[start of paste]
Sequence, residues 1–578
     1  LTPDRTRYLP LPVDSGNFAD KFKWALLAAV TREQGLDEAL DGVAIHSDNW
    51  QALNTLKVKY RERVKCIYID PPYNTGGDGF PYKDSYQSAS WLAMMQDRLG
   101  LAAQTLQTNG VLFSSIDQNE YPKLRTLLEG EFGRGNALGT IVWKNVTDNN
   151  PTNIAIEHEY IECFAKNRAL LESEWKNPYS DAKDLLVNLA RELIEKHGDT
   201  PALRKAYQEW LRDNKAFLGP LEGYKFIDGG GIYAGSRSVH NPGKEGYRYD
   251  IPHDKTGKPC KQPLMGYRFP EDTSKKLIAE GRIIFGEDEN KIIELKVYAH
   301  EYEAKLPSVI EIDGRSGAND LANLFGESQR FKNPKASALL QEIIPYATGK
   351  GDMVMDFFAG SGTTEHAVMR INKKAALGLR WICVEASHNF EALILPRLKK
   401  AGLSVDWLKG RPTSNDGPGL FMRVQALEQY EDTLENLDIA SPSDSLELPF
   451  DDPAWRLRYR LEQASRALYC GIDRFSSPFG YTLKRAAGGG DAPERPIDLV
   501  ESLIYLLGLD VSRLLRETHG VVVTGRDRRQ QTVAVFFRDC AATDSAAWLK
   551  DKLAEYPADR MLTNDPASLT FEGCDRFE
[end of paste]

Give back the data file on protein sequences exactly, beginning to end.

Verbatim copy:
Sequence, residues 1–578
     1  LTPDRTRYLP LPVDSGNFAD KFKWALLAAV TREQGLDEAL DGVAIHSDNW
    51  QALNTLKVKY RERVKCIYID PPYNTGGDGF PYKDSYQSAS WLAMMQDRLG
   101  LAAQTLQTNG VLFSSIDQNE YPKLRTLLEG EFGRGNALGT IVWKNVTDNN
   151  PTNIAIEHEY IECFAKNRAL LESEWKNPYS DAKDLLVNLA RELIEKHGDT
   201  PALRKAYQEW LRDNKAFLGP LEGYKFIDGG GIYAGSRSVH NPGKEGYRYD
   251  IPHDKTGKPC KQPLMGYRFP EDTSKKLIAE GRIIFGEDEN KIIELKVYAH
   301  EYEAKLPSVI EIDGRSGAND LANLFGESQR FKNPKASALL QEIIPYATGK
   351  GDMVMDFFAG SGTTEHAVMR INKKAALGLR WICVEASHNF EALILPRLKK
   401  AGLSVDWLKG RPTSNDGPGL FMRVQALEQY EDTLENLDIA SPSDSLELPF
   451  DDPAWRLRYR LEQASRALYC GIDRFSSPFG YTLKRAAGGG DAPERPIDLV
   501  ESLIYLLGLD VSRLLRETHG VVVTGRDRRQ QTVAVFFRDC AATDSAAWLK
   551  DKLAEYPADR MLTNDPASLT FEGCDRFE